The Texas Bar Journal’s year-end update on Cybersecurity & Data Privacy law was once again provided by Shawn Tuma and addressed the following issues:
- Lawyers’ Cybersecurity and Data Breach Obligations that are required under Texas law and the ABA’s Ethics Opinion 483 titled Lawyers’ Obligations After
an Electronic Data Breach or Cyberattack
- Whether an IT service provider’s locking a customer out of its computer violates the Texas “hacking” law
- Whether a woman viewing pictures on her boyfriend’s iPhone violates the Texas “hacking” law
- If Apple, through a programming glitch, has the ability to allow someone to use your iOS device as a microphone to listen to your conversations without you even touching the device or knowing it was in use, then Apple can do the same thing through purposeful programming.
- If Apple can use programming to access your microphone, then it can also access your camera the same way.
- If Apple can do this, so too could nation states with sufficient access to the programming (If you doubt this, read this story of UAE hackers).
- If Apple and nation states can do this, so too can criminal hackers, with sufficient access. (Tuma explains more about this on WIOD in Miami, FL)
For decades our whole society has enjoyed the benefits of technology without accepting the responsibility of guarding against the privacy and security risks that go along with it. We have taken those things for granted and now it is time to pay the piper and become more responsible by being more cyber aware and using good cyber hygiene.
This is not just for the companies that provide this technology and collect and use our data. This is for all of us — we the people must learn to protect ourselves against these risks. (Tuma explains more about this on WJIM in Lansing, MI)
Here are a few points to consider to think about how we can do this:
- There is no such thing as 100% security when it comes to technology or data. There is always some measure of risk involved in the cyber realm.
- As you go through your day, imagine someone is listening and watching you through your telephone and think about what aspects of your private and business life you are unecessarily exposing through the technology and data we use.
- This isn’t intended to be alarmist and suggest that you purge all technology from your life, however, there are ways to minimize unnecessary risk:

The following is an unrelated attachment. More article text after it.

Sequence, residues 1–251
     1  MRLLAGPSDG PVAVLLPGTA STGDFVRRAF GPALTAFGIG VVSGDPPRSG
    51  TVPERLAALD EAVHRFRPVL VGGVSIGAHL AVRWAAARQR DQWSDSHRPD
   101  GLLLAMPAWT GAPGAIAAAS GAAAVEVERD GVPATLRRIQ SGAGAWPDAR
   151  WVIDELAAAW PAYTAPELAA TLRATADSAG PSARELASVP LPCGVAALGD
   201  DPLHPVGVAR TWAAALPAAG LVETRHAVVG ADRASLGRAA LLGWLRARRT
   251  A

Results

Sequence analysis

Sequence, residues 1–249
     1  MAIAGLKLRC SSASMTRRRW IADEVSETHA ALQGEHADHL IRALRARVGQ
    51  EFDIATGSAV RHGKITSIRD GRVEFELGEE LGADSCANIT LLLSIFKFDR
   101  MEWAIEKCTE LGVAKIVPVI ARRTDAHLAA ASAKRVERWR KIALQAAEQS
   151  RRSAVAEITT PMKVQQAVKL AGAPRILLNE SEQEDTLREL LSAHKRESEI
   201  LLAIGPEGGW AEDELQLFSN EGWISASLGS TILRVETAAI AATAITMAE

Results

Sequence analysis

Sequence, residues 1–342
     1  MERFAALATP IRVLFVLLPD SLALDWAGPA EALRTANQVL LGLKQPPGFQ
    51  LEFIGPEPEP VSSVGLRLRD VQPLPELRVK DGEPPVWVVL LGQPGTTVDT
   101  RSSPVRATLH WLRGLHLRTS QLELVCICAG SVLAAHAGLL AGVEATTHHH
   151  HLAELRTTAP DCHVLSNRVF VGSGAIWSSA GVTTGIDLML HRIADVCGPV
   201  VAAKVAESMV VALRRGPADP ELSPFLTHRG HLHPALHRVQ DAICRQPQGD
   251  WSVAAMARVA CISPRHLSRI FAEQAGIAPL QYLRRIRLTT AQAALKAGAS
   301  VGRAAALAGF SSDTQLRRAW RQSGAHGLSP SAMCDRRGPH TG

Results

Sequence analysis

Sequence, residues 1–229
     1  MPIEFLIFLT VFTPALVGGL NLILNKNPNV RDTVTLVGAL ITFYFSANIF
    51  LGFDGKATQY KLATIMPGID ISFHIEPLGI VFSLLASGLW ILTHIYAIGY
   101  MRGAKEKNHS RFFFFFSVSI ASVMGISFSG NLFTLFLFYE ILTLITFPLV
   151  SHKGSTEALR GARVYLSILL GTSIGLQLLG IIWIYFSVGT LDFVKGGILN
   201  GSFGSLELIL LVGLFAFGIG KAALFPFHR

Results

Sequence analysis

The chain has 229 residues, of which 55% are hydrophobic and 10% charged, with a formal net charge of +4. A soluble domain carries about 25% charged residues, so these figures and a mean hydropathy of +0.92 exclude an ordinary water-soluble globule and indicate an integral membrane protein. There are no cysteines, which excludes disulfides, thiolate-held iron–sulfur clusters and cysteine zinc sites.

- Do you really need your telephone in the private places you go, like your bedroom or restroom?
- Do you really need to share your company’s deepest, darkest secrets in an email when it could have been done in person?
- Do you need to have your telephone sitting on the table when you are discussing extremely sensitive private personal or business information, or, would that conversation go just as well (or even better) without the telephones?
“We’re going to start hearing stories now of people who had sensitive information revealed.” @shawnetuma explains the implications behind the recent glitch in @Apple’s FaceTime on #FOXNewsRundown https://t.co/UrjQiWWAEt
— FOX News Radio (@foxnewsradio) February 4, 2019
The most likely “cyber attack” that your company will face will come in the form of an email. One of the most common forms of email attack is the business email compromise (BEC) and the most popular time of the year for the W-2 version of BEC is right now — tax season.
Read the full blog post to make sure you and your company are equipped with answers to:
• What is a W-2 BEC Attack?
• How Do Attackers Use the W-2 Information?
• Why Do So Many of These Attacks Happen During Tax Season?
• What Can You Do Now to Protect Your Company?
• What To Do if Your Company is Hit by this Attack?
Are you at IAPP – International Association of Privacy Professionals P.S.R. #PSR18 in Austin? If so, please come to our Thursday 10:30 – 11:30 session on Vendor Risk Management: Maintaining Relationships While Limiting Liability in Lone Star Ballroom A, Level 3. It should be great as I get to be with great panelists Tami Dokken and Melissa Krasnow and we will have Mark Smith as our moderator.
While you’re there pick up your copy of Bloomberg BNA’s Domestic Privacy Profile: Texas!
If you can’t make it, here is a link to the .pdf (hey, I know people!).